God not only shows up, but God sets us free in Christ. As those shackles kept Paul and Silas imprisoned, so too the law could shackle. Our ability to obey the law in our own strength to rescue us from our brokenness will not work. In order for Paul and Silas to be freed from prison, they needed to get away from the shackles and have the doors unlocked. In order for any of us to be freed from the prison of our sin, Christ has to rescue us. Derek Thomas tells us,

“Paul was not shackled by these considerations in such a way that he was unable to answer the question positively in terms suggesting that the jailer did indeed have something to do. If the jailer was to know the privileged of salvation, he must exercise faith. He must believe. He must place his entire trust in the Lord Jesus Christ.”

Derek Thomas, Acts: Reformed Expository Commentary, 469-70.  

And here we see Thomas telling us about Chair 3. It’s not about knowing the content of Christianity, nor is simply believing it true. Jesus said in John 8:31, “If you abide in my word, you are truly my disciples, and you will know the truth, and the truth will set you free” (John 8:31-32). “You shall know the truth, and the truth shall set you free.” Later he says, “If the Son sets you free, you are free indeed.” Know? Like the content of it all? The truth of it all? No, it’s surrender, a placing of trust in its entirety in the Lord Jesus Christ.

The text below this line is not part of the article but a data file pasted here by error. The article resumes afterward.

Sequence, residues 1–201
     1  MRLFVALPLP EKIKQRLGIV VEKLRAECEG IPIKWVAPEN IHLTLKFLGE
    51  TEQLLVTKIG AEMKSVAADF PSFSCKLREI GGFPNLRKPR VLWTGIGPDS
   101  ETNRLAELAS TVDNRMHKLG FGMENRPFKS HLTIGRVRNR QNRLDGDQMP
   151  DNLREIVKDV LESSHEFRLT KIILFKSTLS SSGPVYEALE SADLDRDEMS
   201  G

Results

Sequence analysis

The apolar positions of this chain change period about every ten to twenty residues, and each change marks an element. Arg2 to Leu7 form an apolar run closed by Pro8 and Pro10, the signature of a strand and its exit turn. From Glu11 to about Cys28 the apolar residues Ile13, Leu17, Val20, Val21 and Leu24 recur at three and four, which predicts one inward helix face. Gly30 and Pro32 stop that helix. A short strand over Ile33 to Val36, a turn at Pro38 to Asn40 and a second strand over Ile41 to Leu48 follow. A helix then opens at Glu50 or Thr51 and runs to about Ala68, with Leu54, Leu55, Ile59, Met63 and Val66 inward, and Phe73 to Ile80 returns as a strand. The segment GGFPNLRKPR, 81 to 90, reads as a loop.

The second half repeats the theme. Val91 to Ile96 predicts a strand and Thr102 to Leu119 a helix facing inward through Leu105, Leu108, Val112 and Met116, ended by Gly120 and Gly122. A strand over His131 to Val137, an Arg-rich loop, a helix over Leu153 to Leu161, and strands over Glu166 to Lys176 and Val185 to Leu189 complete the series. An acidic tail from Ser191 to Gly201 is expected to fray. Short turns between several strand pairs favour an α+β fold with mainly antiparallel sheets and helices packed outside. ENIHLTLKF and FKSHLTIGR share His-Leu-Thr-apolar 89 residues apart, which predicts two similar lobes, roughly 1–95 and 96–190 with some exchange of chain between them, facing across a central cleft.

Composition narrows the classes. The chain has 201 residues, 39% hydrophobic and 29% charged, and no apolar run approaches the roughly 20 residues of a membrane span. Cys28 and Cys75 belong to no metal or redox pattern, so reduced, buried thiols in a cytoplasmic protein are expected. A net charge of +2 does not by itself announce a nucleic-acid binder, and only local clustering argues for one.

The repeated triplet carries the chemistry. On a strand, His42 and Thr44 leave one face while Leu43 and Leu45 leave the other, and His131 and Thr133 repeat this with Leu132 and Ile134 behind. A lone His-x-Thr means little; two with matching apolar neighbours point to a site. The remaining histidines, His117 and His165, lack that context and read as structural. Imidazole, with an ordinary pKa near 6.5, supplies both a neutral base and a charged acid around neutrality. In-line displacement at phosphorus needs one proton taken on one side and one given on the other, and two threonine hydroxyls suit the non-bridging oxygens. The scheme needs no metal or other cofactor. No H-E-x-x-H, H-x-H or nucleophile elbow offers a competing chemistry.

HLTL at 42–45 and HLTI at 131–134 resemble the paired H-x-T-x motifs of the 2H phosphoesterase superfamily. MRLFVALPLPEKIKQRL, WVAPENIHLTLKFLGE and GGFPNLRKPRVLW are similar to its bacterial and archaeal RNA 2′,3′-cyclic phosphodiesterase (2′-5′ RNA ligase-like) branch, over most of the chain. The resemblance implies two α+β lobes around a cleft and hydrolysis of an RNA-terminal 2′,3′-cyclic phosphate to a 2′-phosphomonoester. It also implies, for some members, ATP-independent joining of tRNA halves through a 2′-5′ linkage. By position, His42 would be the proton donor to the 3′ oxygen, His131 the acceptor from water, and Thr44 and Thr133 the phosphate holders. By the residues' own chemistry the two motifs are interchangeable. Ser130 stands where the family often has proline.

True faith is a saving faith.

  • If someone were to ask you, “What must I do to be saved?” what would you say? We would say that you must sit in the third chair of surrender and complete reliance on the person and work of Christ.
  • They heard their prayers. They listened to their singing because of that reliance–circumstances did not define their faith, Christ did.
  • They saw their gracious lives. They could have escaped, but they chose to stay behind. They possess the love of Christ and want others to know this as well.
  • Saving faith is belief plus action. We’re not hooked on a feeling, our lives are changed.
  • Repent and believe: Turn from sin and brokenness, and turn to Christ and His purpose. Being a disciple is running hard after Christ and running hard away from sin and self.

[You can access the audio or video of the sermon as well.]